There is the other factor of having working conditions which are quite safe for the operator of the drills. Those are the main methods of preventive devices.

Mr. GRISWOLD. If there are no further questions, and the Doctor has nothing further to tell us, let us adjourn, to meet at the call of the chairman.

We thank you very much, Doctor, for your interesting statement. Dr. GOLDWATER. I am glad of the opportunity to be with you. (Thereupon at 12:10 p. m., Tuesday, Feb. 4, 1936, the subcommittee adjourned, to meet at the call of the chairman.)

The subcommittee submitted the following reports to the full committee:

FEBRUARY 5, 1936. Hon. WILLIAM P. CONNERY, Chairman, Committee on Labor,

Washington, D. C. DEAR MR. CHAIRMAN: The subcommittee appointed to consider H. J. Res. 449, a resolution to authorize the Secretary of Labor to appoint a board of inquiry to ascertain the facts relating to health conditions of workers employed in the construction and maintenance of public utilities, respectfully submit the following report of its investigation :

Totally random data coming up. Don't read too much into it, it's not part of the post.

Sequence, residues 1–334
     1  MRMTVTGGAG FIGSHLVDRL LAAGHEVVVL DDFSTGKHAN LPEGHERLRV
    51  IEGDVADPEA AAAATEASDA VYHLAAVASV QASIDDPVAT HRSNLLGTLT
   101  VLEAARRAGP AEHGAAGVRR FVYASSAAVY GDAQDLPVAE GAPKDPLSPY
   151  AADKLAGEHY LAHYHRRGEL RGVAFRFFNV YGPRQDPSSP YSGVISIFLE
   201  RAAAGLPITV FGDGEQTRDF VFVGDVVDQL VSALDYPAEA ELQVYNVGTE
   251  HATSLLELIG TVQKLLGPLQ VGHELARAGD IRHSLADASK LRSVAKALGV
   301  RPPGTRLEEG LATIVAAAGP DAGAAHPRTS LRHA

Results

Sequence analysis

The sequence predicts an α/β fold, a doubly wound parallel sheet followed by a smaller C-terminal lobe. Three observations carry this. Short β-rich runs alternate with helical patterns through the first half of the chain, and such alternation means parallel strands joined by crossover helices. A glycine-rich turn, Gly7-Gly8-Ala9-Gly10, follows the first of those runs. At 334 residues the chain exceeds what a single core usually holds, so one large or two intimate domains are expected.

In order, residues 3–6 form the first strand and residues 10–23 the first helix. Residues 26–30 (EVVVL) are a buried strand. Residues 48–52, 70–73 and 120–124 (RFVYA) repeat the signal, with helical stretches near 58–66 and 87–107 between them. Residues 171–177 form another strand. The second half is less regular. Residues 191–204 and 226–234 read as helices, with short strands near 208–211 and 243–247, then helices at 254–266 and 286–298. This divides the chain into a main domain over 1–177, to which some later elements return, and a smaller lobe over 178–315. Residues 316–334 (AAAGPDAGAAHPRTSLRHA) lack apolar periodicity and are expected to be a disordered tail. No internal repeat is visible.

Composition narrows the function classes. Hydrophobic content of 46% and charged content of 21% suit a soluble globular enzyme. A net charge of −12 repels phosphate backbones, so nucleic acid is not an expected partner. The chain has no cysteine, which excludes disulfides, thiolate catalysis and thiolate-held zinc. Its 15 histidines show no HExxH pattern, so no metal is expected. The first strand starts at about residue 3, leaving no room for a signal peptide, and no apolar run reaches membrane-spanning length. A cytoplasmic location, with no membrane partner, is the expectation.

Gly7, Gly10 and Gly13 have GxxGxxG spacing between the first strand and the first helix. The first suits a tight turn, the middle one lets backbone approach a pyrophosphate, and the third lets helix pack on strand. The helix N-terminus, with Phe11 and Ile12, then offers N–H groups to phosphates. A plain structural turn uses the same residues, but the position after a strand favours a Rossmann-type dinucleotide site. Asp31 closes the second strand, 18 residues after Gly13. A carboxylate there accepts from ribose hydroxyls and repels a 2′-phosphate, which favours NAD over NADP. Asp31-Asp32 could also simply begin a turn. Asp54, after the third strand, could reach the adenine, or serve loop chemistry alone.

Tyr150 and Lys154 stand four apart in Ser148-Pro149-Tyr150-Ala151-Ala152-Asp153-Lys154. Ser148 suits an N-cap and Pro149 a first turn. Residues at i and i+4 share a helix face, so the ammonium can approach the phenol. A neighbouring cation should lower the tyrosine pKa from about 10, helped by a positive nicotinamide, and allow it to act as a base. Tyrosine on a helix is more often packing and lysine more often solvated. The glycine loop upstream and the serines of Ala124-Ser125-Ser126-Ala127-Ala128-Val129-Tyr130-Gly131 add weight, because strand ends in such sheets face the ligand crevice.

Your committee held hearings from January 16, 1936, to February 4, 1936, inclusive, and heard many witnesses who testified to the conditions under which workmen were employed at the Hawk's Nest tunnel, Gauley Bridge, W. Va.

From the testimony of numerous witnesses, ranging from actual workers on the project to experts from the Federal Bureau of Mines, the subcommittee finds as follows:

That the Hawk's Nest tunnel was constructed by the contracting firm of Dennis & Rinehart of Charlottesville, Va., for the New Kanawha Power Co., a subsidiary of the Union Carbide & Carbon Co. That a tunnel was drilled for an approximate distance of 3.75 miles to divert water from New River to a hydroelectric plant at Gauley Junction.

That in most of the tunnel the rock which was drilled contained more than 90 percent silica. That in some of the headings it ran as high as 99 percent pure silica. That this is a fact that was known or by the exercise of ordinary and reasonable care should have been known to the New Kanawha Power Co., and the firm of Dennis & Rinehart.